“You don’t know everything I do, Mrs. Moralizer,” Howl said. “Want me to write out a list before I go out another time? I have looked for Prince Justin. Courting isn’t the only thing I do when I go out.”
“When have you looked?” said Sophie.
“Oh, how your ears flap and your long nose twitches!” Howl croaked. “I looked when he first disappeared, of course. I was curious to know what Prince Justin was doing up this way, when everyone knew Suliman had gone to the Waste. I think someone must have sold him a dud finding spell, because he went right over into the FoldingValley and bought another from Mrs. Fairfax. And that fetched him back this way, fairly naturally, where he stopped at the castle and Michael sold him another finding spell and a disguise spell—”
Michael’s hand went over his mouth. “Was that man in the green uniform Prince Justin?”
“Yes, but I didn’t mention the matter before,” said Howl, “because the King might have thought you should have had the sense to sell him another dud. I had a conscience about it. Conscience. Notice that word, Mrs. Longnose. I had a conscience.” Howl conjured another wad of handkerchiefs and glowered at Sophie over them out of eyes that were now red-rimmed and watery. Then he stood up. “I feel ill,” he announced. “I’m going to bed, where I may die.” He tottered piteously to the stairs. “Bury me beside Mrs. Pentstemmon,” he croaked as he went up them to bed.
Sophie applied herself to her sewing harder than ever. Here was her chance to get the gray-and-scarlet suit off Howl before it did more damage to Miss Angorian’s heart—unless, of course, Howl went to bed in his clothes, which she did not put past him. So Howl must have been looking for Prince Justin when he went to Upper Folding and met Lettie. Poor Lettie! Sophie thought, putting brisk, tiny stitches round her fifty-seventh blue triangle. Only another forty or so to go.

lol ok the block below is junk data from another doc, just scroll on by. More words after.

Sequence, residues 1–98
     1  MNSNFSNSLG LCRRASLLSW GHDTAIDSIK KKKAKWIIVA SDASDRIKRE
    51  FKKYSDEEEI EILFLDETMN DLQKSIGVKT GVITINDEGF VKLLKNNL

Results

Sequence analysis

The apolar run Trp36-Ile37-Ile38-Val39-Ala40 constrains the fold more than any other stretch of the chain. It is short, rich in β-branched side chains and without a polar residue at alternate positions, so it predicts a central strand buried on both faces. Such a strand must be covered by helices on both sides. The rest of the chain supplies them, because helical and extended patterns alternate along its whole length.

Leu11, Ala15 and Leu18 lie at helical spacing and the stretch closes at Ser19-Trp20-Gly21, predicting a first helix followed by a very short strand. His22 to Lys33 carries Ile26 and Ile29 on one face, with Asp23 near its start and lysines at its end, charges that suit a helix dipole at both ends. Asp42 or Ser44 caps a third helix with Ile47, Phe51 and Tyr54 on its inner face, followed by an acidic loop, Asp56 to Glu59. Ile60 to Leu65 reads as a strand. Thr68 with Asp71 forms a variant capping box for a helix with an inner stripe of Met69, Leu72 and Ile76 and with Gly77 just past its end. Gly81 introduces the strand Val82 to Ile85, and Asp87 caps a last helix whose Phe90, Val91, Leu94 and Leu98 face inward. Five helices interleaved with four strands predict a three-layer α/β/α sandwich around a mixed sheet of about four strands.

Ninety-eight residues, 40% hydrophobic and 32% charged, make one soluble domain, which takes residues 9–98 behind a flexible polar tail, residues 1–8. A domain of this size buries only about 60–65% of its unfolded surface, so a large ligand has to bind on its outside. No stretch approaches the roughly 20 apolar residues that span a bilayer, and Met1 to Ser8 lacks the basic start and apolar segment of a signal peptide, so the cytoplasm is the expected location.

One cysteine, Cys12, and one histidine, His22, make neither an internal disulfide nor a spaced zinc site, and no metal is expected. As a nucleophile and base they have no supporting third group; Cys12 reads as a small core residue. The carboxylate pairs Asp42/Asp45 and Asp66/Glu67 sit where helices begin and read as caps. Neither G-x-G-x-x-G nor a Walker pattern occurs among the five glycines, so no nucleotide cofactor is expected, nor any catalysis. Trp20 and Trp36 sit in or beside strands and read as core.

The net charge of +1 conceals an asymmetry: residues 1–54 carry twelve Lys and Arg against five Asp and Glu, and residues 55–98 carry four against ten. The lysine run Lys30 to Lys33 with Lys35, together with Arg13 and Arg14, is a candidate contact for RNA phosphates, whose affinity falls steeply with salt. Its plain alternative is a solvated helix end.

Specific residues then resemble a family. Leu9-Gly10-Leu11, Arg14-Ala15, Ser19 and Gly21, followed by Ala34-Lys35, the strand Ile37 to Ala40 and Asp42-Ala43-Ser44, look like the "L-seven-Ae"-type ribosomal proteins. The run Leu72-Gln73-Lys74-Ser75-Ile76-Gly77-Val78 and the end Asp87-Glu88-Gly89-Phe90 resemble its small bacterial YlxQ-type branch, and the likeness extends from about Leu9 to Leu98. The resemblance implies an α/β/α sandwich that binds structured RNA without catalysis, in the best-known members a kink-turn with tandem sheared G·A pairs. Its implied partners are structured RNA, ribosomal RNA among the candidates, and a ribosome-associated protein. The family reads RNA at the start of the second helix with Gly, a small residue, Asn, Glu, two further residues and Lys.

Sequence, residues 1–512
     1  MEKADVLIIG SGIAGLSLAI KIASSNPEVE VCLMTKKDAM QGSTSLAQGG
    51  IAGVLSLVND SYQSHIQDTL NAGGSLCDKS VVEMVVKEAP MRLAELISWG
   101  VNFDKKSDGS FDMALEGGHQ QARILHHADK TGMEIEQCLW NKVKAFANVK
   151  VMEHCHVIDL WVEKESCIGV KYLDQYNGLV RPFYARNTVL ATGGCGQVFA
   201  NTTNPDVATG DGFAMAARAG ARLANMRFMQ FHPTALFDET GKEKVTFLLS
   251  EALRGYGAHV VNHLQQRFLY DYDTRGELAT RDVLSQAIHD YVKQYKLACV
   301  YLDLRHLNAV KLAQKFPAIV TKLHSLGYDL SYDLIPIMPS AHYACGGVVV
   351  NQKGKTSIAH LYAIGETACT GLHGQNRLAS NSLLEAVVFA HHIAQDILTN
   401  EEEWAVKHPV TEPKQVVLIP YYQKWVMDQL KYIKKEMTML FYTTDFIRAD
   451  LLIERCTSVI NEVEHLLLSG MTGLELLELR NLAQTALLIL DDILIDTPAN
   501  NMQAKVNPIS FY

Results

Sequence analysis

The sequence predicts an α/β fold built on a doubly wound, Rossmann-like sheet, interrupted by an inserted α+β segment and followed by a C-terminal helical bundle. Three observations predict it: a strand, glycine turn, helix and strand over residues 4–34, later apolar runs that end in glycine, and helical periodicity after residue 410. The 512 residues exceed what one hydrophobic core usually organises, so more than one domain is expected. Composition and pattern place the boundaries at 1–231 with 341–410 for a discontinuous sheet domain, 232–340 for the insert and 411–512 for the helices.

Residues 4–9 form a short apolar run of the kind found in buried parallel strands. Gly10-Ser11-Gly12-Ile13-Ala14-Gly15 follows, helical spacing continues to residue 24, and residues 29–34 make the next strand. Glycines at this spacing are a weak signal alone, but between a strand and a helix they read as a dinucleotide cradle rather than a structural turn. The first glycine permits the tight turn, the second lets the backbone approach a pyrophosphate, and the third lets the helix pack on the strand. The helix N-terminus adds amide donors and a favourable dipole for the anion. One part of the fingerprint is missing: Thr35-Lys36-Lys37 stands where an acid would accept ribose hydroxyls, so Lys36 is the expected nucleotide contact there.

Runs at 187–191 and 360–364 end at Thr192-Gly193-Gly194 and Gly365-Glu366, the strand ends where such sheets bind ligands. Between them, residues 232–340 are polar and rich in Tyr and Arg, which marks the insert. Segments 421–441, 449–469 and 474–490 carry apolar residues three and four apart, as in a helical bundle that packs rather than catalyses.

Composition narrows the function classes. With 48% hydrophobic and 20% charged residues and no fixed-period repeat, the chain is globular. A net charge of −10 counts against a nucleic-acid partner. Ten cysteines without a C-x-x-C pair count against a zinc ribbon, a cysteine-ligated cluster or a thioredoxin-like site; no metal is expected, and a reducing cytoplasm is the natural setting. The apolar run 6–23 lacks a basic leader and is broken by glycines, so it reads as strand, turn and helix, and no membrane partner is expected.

Howl’s voice was presently heard shouting weakly, “Help me, someone! I’m dying from neglect up here!”
Sophie snorted. Michael left off working on his new spell and ran up and down stairs. Things became very restless. In the time it took Sophie to sew ten more blue triangles Michael ran upstairs with lemon and honey, with a particular book, with cough mixture, with a spoon to take the cough mixture with, and then with nose drops, throat pastilles, gargle, pen, paper, three more books, and an infusion of willow bark. People kept knocking at the door too, making Sophie jump and Calcifer flicker uneasily. When no one opened the door, some of the people went on hammering for five minutes or so, rightly thinking they were being ignored.
By this time Sophie was becoming worried about the blue-and-silver suit. It was getting smaller and smaller. One cannot sew in that number of triangles without taking up quite a lot of cloth in the seams. “Michael,” she said when Michael came rushing downstairs again because Howl fancied a bacon sandwich for lunch. “Michael, is there a way of making small clothes larger?”
“Oh, yes,” said Michael. “That’s just what my new spell is—when I get a chance to work on it. He wants six slices of bacon in the sandwich. Could you ask Calcifer?”
Sophie and Calcifer exchanged speaking looks. “I don’t think he’s dying,” Calcifer said.
“I’ll give you the rinds to eat if you bend your head down,” Sophie said, laying down her sewing. It was easier to bribe Calcifer than bully him.
They had bacon sandwiches for lunch, but Michael had to rush upstairs in the middle of eating his. He came down with the news that Howl wanted him to go into Market Chipping now, to get some things he needed for moving the castle.
“But the Witch—is it safe?” Sophie asked.
Michael licked bacon grease off his fingers and dived into the broom cupboard. He came out with one of the dusty velvet cloaks slung round his shoulders. At last, the person who came out wearing the cloak was a burly man with a red beard. This person licked his fingers and said with Michael’s voice, “Howl thinks I’ll be safe enough like this. It’s misdirection as well as disguise. I wonder if Lettie will know me.” The burly man opened the door green-down and jumped out onto the slowly moving hills.